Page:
Review: A House in the Sky by Amanda Lindhout and Sara Corbett

Today I’m sharing my thoughts on A House in the Sky by Amanda Lindhout and Sara Corbett. It was a pick for my book club, and it’s taken me a few weeks to be ready to share my thoughts about the book.

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Via Goodreads:

The dramatic and redemptive memoir of a woman whose curiosity led her to the world’s most beautiful and remote places, its most imperiled and perilous countries, and then into fifteen months of harrowing captivity—an exquisitely written story of courage, resilience, and grace….

Vivid and suspenseful, as artfully written as the finest novel, A House in the Sky is the searingly intimate story of an intrepid young woman and her search for compassion in the face of unimaginable adversity.

I give A House in the Sky a reluctant four out of five stars.

I had a really difficult time with this book, I’m going to be honest about that from the beginning. If reading about violence, about hatred, about extremism, or about faith taken to its extremes is going to both you, this is not the book for you.

But first, the good. I can say, unequivocally, that I truly enjoyed the first third of the book. After exploring Lindhout’s shaky upbringing, we grow with her and see her become a world traveler who is ready to push limits. It was so exciting reading about her travels through Central and South America, through Asia.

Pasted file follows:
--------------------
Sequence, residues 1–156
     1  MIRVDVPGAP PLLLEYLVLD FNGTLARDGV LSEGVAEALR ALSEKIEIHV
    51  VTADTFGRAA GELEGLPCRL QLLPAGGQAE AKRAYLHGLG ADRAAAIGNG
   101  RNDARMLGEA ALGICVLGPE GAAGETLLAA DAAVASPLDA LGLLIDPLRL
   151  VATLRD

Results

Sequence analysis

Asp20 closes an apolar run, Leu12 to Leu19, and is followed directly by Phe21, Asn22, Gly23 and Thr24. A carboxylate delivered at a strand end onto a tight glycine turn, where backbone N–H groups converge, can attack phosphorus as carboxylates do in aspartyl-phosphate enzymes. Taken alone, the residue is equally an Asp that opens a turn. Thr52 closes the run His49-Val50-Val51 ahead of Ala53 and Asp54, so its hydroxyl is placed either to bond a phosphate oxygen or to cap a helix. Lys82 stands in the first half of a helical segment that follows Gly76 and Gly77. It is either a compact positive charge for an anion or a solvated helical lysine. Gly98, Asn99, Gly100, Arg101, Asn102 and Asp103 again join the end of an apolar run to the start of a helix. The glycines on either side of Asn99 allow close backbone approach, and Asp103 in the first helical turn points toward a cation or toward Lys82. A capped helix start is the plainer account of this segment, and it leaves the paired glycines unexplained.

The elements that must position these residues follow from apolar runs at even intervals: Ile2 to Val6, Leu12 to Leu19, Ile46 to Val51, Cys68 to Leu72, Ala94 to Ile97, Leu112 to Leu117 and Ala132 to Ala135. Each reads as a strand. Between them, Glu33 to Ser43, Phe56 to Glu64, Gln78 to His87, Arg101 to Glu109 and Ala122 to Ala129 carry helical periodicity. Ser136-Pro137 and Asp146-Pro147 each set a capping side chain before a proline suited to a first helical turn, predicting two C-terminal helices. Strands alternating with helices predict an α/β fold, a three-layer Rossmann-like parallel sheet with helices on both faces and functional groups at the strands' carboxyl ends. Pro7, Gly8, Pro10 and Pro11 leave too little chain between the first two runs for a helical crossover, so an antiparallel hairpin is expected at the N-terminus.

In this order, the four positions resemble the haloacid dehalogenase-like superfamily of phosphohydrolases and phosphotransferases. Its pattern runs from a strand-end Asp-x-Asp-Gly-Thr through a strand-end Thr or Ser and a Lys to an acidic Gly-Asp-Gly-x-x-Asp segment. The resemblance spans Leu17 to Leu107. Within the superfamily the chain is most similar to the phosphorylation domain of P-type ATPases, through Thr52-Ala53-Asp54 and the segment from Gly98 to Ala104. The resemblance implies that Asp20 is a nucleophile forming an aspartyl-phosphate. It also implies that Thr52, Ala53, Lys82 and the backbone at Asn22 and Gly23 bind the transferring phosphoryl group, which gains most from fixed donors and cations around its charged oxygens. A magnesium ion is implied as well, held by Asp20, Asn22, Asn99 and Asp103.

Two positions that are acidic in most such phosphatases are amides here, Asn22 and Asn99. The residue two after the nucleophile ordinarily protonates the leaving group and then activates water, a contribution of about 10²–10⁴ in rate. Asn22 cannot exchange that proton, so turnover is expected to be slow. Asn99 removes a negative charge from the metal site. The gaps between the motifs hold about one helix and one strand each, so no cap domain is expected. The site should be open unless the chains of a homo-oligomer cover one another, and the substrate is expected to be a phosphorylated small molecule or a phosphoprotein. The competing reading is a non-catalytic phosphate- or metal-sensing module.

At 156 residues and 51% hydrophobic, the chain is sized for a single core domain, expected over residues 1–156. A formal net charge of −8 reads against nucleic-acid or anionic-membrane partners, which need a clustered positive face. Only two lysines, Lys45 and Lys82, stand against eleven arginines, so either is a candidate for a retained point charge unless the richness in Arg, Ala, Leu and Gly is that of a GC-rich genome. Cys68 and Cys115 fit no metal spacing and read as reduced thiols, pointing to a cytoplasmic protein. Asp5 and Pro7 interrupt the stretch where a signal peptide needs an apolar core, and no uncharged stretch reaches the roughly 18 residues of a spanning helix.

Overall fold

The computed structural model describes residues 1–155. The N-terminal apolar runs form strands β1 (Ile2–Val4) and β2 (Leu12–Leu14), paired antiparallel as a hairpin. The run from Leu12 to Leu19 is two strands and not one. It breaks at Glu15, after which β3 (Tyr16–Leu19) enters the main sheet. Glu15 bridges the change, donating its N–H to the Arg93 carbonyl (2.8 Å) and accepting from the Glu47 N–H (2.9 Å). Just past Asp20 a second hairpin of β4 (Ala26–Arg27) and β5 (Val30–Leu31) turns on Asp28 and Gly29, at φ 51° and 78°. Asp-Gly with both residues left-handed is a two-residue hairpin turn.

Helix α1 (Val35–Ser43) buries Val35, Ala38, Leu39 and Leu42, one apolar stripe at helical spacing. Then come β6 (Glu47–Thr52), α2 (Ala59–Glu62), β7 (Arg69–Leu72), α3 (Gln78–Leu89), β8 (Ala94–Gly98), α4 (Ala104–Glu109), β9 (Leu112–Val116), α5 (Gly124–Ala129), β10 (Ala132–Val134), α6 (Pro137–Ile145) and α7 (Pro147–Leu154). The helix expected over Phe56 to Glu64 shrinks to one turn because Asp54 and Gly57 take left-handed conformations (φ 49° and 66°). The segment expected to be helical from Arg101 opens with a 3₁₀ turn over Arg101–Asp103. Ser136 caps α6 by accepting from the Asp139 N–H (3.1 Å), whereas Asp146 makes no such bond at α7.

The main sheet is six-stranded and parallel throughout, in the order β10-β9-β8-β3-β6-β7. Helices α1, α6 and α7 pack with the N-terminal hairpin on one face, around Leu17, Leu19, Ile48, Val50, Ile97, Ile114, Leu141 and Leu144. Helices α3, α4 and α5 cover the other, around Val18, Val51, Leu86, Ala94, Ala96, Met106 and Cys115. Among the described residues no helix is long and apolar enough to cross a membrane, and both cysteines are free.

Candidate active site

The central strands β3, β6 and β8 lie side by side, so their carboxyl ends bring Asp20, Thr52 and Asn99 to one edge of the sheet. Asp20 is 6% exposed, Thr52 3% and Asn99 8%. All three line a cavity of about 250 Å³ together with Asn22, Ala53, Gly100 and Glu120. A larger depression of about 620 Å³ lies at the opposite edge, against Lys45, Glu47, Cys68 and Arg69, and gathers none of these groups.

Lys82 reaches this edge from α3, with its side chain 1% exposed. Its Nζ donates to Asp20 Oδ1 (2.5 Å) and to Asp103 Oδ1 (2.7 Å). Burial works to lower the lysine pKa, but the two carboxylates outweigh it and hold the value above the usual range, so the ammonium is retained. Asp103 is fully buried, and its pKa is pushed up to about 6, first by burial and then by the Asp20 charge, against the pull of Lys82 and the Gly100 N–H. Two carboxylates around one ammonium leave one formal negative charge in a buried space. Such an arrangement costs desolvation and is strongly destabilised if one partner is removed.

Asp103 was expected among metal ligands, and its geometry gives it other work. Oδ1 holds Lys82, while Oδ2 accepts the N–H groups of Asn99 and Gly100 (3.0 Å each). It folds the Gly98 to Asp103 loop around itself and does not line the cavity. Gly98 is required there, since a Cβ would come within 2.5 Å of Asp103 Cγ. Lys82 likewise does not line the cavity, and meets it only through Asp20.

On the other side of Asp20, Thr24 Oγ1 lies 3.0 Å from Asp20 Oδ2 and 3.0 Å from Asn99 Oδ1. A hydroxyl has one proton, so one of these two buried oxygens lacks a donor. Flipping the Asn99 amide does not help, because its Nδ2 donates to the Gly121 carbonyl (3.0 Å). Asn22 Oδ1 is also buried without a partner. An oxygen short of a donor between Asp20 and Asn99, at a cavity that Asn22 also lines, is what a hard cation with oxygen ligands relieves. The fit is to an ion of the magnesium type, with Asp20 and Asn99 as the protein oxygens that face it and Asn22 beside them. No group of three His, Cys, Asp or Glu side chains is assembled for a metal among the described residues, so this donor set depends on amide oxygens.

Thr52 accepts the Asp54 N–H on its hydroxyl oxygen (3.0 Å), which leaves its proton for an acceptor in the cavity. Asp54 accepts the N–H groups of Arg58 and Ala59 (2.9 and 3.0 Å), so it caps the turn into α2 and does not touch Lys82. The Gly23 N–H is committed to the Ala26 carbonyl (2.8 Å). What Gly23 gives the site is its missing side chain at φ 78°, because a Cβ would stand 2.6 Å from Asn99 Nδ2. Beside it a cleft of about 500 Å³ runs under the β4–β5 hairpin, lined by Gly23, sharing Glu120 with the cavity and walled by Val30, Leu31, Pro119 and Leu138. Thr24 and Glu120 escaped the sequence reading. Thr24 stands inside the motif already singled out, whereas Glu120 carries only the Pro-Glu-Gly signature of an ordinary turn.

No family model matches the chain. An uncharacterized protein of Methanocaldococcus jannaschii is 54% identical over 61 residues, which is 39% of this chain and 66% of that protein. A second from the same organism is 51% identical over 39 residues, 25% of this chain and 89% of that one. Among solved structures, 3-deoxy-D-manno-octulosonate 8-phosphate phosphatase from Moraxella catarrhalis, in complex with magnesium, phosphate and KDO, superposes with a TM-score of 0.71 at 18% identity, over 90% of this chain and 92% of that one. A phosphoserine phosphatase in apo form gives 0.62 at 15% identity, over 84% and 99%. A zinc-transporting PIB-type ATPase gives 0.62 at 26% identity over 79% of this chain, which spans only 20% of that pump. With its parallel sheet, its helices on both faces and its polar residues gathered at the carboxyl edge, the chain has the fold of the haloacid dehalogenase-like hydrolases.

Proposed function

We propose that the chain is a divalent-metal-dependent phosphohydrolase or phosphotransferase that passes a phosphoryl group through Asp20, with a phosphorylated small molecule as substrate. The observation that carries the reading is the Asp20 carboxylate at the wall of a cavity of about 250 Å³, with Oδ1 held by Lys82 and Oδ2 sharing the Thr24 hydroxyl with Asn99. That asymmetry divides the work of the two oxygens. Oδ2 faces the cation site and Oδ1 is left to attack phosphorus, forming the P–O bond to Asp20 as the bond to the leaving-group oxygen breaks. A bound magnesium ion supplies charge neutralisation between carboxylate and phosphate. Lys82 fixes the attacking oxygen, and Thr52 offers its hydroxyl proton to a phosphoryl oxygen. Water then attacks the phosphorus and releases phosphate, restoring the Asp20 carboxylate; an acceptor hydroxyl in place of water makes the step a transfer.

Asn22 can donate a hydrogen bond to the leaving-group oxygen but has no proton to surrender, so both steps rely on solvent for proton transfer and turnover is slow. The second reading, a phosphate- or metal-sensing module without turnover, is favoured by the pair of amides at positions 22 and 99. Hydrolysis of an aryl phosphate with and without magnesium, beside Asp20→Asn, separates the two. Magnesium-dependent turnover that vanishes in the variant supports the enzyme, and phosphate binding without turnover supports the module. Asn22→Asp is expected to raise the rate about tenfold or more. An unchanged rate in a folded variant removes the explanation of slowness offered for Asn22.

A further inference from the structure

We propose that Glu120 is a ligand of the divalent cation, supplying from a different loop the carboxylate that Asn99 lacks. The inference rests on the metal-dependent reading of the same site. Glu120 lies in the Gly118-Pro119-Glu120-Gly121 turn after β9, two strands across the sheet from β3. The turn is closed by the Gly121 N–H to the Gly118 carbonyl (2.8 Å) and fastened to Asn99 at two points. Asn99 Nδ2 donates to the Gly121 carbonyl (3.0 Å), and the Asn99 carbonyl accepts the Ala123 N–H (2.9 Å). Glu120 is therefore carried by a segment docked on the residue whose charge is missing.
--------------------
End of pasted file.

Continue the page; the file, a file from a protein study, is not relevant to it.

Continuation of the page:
My concerns started developing when I noticed her naiveté during her travels to Pakistan and Afghanistan – recklessly exploring each with no real understanding of the culture or Islam or the validity of danger there. Even after she learns, “Don’t F*ck with Afghanistan”, she continues into Somalia, which, at the time, was arguably the most dangerous country in the world.

I’m not going to go into the details of the book, but suffice it to say, the escalating violence was really upsetting to me, as was the absolute distortion of what I understand the Muslim faith to be. When I finished the book, I was angry, both at Lindhout’s kidnappers, and at her, for not respecting the danger.

After I finally had time to calm down, however, I tried to relate with the empathy that she finds for her captors in the book, despite their despicable behavior. I still can’t relate to it, but I’m trying. Ultimately, the kidnapping happened because of problems and norms in the society in Somalia at the time, and because of religious extremism, which I can’t even begin to understand. Granted, Lindhout kicked the hornet’s nest by visiting Somalia at all, but that does not make her to blame for what happened.

My feelings about the contents of this book aside, I have to say that Sara Corbett did a beautiful job writing the book (because let’s be real, she’s the author here). The prose is lovely, and even the most violent scenes that made me queasy and chased my thoughts for days were written briefly and tactfully. That, paired with the fact that I think that this is a story that deserves to be told, is what brings it to four stars for me. I would not go so far as to say I enjoyed reading this book, nor that I would recommend it to a friend, but I will say that I am glad that it exists, and I am glad that I pushed the boundaries of my comfort zone by reading it.

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